Can John McAfee, a gun-toting, vodka-swilling serial liar, save us from the hackers who want to spy on us and steal our identities?
“John McAfee surveys the woods surrounding his Tennessee home while his 100-pound komondor, Marley, shits on his neighbor’s property. The computer-security guru and sometime murder suspect believes he has discovered proof that the Sinaloa cartel is tracking his movements.
It has something to do with a schmear. The 70-year-old McAfee resembles an ocelot, with his striped and streaked hair. He is probably still a multimillionaire, but he chain-smokes generic cigarettes the way a toddler eats Goldfish crackers. He exhales, as a hawk circles above.
‘All they eat is cream cheese,’ McAfee says between phlegmy hacks. ‘Must be for the protein. I find cream cheese packets everywhere. Some of them are out-of-date.'”
Hedge fund titan Bill Ackman has been on a nearly three-year quest to bring down the $5 billion-in-revenue nutrition giant. Call it destructive activism. But worth asking: Do short-sellers make good regulators?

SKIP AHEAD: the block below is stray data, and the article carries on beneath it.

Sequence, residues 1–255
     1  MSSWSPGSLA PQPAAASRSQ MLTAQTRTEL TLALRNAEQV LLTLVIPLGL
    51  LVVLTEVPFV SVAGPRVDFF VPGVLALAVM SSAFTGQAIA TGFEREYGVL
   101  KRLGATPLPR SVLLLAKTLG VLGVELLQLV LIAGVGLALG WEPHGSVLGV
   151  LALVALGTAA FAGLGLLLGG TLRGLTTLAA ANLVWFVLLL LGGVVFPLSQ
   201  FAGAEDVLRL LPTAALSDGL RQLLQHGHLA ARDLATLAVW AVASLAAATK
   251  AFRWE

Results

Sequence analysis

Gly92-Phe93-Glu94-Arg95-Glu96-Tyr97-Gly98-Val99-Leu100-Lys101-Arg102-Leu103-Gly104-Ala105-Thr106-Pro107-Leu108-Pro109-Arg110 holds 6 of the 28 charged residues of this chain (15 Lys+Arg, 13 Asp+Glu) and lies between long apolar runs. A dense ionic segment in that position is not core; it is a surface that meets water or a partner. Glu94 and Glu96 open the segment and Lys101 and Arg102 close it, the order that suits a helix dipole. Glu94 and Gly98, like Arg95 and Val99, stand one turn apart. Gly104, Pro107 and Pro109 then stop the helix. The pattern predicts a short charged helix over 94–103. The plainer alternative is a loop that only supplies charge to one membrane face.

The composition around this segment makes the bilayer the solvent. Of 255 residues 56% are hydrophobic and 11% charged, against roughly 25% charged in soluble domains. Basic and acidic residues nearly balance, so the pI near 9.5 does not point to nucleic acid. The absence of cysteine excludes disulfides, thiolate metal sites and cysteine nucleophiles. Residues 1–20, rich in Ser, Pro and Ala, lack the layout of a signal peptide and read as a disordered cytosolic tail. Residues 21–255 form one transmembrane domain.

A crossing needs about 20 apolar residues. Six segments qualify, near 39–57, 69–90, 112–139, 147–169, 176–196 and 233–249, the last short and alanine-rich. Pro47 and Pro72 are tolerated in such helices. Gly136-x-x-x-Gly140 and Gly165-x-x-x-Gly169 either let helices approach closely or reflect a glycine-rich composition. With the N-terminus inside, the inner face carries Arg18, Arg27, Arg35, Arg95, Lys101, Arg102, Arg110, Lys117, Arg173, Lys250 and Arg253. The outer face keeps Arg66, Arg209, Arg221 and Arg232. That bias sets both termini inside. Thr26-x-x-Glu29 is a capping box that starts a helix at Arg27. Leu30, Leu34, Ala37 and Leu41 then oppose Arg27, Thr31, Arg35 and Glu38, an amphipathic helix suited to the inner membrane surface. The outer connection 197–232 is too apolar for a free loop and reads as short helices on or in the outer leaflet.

“At about 2 p.m. on Wednesday, Dec. 19, 2012, CNBC’s Kate Kelly broke the news that billionaire Bill Ackman’s hedge fund had taken a massive short position — about $1 billion worth, we know now — in the stock of a nutrition company called Herbalife. He considered it to be a pyramid scheme, Kelly continued, and would be presenting details the next day. Herbalife stock then fell 10 percent in six seconds, triggering circuit breakers and a temporary trading halt.
Ackman, now 49, is the brilliant, cocksure, media-savvy activist investor whose fund, Pershing Square, has harvested 21 percent average net returns since inception in 2004. The fund now commands nearly $19 billion in assets.